United States House of Representatives
Each state receives representation in the House in proportion to its population but is entitled to at least one Representative. The most populous state, California, currently has 53 representatives. There are seven states with only one representative.
The total number of voting representatives is currently fixed at 435. Each representative serves for a two-year term. The presiding officer of the House is the speaker, and is elected by the members of the house.
Because its members are generally elected from smaller (an average of 693,000 residents as of 2007) and more commonly homogeneous districts than those from the Senate, the House is generally considered to be a more partisan chamber. The House was granted its own exclusive powers: the power to initiate revenue bills, impeach officials, and elect the president in electoral college deadlocks.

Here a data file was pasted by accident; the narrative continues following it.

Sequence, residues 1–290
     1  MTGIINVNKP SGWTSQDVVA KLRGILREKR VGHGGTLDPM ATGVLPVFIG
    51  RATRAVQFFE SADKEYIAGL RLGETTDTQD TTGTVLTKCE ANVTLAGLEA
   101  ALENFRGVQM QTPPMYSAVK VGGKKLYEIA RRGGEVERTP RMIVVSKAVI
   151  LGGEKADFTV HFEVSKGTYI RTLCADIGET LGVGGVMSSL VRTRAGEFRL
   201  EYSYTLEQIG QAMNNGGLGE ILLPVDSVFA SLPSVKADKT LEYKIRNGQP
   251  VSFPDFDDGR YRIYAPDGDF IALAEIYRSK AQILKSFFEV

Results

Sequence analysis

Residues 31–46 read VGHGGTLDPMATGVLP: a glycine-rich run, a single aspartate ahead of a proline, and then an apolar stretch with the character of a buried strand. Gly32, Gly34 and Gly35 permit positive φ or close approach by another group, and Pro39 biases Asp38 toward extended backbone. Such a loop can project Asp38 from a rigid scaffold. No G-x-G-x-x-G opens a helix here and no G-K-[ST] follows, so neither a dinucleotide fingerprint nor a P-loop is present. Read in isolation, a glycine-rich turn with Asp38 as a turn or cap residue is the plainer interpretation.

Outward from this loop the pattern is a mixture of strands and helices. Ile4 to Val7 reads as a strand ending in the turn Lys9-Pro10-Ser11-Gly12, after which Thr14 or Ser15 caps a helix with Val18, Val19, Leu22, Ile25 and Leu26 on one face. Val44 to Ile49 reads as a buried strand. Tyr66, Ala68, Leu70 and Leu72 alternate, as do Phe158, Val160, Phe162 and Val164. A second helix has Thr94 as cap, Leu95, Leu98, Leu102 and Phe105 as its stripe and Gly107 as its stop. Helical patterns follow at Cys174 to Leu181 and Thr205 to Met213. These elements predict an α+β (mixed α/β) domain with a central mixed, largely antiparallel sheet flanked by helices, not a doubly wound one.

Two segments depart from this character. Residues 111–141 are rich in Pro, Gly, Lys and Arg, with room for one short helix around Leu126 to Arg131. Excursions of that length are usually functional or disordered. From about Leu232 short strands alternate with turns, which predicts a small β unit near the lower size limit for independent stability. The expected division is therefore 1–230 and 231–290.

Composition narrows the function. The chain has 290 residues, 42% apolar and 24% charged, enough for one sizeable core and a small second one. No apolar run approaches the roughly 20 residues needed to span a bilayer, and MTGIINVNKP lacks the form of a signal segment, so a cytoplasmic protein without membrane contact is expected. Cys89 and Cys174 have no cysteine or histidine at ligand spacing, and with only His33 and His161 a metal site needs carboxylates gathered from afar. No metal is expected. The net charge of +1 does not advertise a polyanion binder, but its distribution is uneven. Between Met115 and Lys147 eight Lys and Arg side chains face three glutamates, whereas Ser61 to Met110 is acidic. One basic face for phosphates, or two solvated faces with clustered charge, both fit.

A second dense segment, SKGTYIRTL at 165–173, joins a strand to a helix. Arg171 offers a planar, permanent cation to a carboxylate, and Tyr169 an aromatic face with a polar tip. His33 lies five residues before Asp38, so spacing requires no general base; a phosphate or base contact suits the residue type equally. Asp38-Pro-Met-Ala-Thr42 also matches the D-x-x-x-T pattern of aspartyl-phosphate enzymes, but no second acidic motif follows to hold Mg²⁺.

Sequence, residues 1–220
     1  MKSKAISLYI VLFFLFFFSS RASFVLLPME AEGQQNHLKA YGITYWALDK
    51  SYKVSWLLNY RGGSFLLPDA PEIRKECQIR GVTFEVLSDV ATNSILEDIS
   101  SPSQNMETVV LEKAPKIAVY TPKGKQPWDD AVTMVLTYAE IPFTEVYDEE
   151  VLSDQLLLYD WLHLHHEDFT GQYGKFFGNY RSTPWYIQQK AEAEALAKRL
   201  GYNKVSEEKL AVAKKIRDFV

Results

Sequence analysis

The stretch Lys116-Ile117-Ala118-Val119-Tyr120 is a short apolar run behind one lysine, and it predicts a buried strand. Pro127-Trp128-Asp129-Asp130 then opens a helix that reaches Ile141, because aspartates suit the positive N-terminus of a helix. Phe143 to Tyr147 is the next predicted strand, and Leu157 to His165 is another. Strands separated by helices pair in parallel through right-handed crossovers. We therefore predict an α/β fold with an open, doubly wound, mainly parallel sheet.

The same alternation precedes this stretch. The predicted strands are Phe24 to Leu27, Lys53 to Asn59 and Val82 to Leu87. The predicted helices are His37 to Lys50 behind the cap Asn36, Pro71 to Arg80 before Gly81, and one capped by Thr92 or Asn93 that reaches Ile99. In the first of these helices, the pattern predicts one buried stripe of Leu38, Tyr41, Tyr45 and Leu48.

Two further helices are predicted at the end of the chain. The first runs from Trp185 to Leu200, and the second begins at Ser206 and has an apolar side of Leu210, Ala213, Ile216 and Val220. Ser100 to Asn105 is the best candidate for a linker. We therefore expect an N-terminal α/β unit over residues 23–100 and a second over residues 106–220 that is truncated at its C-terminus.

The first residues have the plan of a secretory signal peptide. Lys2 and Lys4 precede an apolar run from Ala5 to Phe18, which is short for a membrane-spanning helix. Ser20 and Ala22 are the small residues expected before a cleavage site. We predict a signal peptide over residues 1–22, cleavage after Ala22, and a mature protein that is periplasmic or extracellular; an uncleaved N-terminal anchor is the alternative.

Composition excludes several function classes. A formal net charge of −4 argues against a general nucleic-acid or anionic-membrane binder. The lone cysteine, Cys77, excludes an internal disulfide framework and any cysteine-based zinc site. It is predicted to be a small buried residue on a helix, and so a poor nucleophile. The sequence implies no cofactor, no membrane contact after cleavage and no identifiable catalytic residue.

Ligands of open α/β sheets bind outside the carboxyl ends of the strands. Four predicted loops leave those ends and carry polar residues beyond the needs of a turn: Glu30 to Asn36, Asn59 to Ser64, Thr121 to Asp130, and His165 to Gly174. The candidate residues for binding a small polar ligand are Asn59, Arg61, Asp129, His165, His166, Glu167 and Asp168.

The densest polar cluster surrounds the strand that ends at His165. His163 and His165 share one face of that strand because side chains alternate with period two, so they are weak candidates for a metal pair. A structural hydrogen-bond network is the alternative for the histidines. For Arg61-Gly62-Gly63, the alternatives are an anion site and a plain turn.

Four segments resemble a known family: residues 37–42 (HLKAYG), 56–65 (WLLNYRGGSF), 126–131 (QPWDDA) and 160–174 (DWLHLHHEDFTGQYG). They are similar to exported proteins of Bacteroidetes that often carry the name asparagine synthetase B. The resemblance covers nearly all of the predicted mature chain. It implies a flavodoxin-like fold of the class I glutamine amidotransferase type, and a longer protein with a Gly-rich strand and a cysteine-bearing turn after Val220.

In order to be a member of the U.S. House, a representative must meet the following requirements:
- At least 25 years old
- A U.S. citizen for at least seven years
- A resident of the state he or she represents
Additionally, all 50 states maintain requirements related to running for election. These filing requirements vary, and can include:
- A filing fee
- A petition with a minimum number of valid signatures
Members of the U.S. House receive $174,000 per year. This figure was most recently adjusted in January 2009, when it was increased from $169,300. Additionally, several positions receive salaries above the baseline level.
Some historical facts about the salary of U.S. House members:
- In 1789, members of Congress received $6 per diem
- In 1874, members of Congress earned $5,000 per year
- In 1990, members of Congress earned $96,600 per year
- From 2000-2006, the salary of a member of the U.S. House increased every year, going from $141,300-$165,200 in that time span.